So let us bring our thoughts of Theresa’s goodness to our prayer today as we also remember very specially her parents, Catherine and William, her sister, Helen, and her brothers James, John, Leo and Richard, who now welcome her home to the eternal, ever-loving arms of her God.

We pray in a special way for those who will miss her dearly, especially her sister, Genevieve, her many nieces and nephews, her Band members, her IHM sisters, the staff and administrators here at OLP, and all those who shared life and friendship with her. We ask the God of all consolation to comfort us at this time of loss.

Theresa’s presence among us encouraged us, comforted us, and blessed us with God’s mercy and love. Her trust in God deepened our own faith. Her compassion for others softened our hearts and her struggles with ill health reminded us that despite, and maybe even because of, our own woundedness, we can make a significant contribution to our world that brings goodness and kindness to others.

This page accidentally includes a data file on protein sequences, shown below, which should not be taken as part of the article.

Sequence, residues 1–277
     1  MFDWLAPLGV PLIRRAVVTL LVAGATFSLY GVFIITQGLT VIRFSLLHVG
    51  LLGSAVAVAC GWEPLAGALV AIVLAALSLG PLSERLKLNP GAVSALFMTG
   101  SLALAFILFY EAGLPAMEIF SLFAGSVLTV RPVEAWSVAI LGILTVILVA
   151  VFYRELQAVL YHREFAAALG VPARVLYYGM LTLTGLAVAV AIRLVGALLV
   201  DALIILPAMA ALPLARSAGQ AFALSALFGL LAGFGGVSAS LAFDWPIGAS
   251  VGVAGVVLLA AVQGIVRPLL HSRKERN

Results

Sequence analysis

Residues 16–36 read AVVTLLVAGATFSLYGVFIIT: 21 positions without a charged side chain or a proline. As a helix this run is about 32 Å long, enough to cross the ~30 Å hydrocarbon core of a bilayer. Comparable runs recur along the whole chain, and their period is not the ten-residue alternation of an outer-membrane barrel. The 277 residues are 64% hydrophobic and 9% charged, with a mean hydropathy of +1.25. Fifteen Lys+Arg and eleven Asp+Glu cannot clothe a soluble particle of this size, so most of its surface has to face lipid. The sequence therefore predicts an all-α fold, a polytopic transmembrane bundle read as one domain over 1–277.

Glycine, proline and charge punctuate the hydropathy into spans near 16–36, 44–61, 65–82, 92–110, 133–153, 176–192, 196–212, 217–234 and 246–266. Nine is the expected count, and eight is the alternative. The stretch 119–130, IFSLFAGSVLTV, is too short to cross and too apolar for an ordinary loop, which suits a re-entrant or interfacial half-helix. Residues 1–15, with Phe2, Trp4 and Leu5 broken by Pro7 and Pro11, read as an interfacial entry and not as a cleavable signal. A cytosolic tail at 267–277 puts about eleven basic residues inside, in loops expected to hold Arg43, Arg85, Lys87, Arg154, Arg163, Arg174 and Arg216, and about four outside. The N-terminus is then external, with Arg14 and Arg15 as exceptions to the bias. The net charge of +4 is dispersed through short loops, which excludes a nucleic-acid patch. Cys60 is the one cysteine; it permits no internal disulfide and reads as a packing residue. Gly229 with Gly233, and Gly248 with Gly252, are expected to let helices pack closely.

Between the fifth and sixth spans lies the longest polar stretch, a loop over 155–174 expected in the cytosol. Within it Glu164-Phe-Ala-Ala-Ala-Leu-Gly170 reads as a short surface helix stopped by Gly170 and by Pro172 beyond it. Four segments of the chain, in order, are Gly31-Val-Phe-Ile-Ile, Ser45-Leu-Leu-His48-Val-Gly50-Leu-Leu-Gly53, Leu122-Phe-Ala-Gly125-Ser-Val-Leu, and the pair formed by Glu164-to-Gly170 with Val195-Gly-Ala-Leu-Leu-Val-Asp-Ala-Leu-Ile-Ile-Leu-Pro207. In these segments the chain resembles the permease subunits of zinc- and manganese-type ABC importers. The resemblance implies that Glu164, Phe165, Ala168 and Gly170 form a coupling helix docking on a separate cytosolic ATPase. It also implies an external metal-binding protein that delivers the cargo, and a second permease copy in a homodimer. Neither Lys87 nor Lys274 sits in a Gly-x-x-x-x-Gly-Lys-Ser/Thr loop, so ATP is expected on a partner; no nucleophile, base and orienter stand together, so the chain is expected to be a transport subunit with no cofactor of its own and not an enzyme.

The following Irish quote was on the wall of Theresa’s room: May the hand of a friend always be near you and may God fill your heart with gladness to cheer you. Theresa, as you gave your hand in friendship to so many during your life among us, may your heart now overflow with the abundance of gladness in God’s loving embrace for all eternity.

The following Irish quote was on the wall of Theresa’s room: May the hand of a friend always be near you and may God fill your heart with gladness to cheer you.

Genevieve will now place the scriptures on Theresa’s casket, for indeed Theresa heard the Word of God, she staked her life upon it and received life to the full . . . the Word now beckons her home.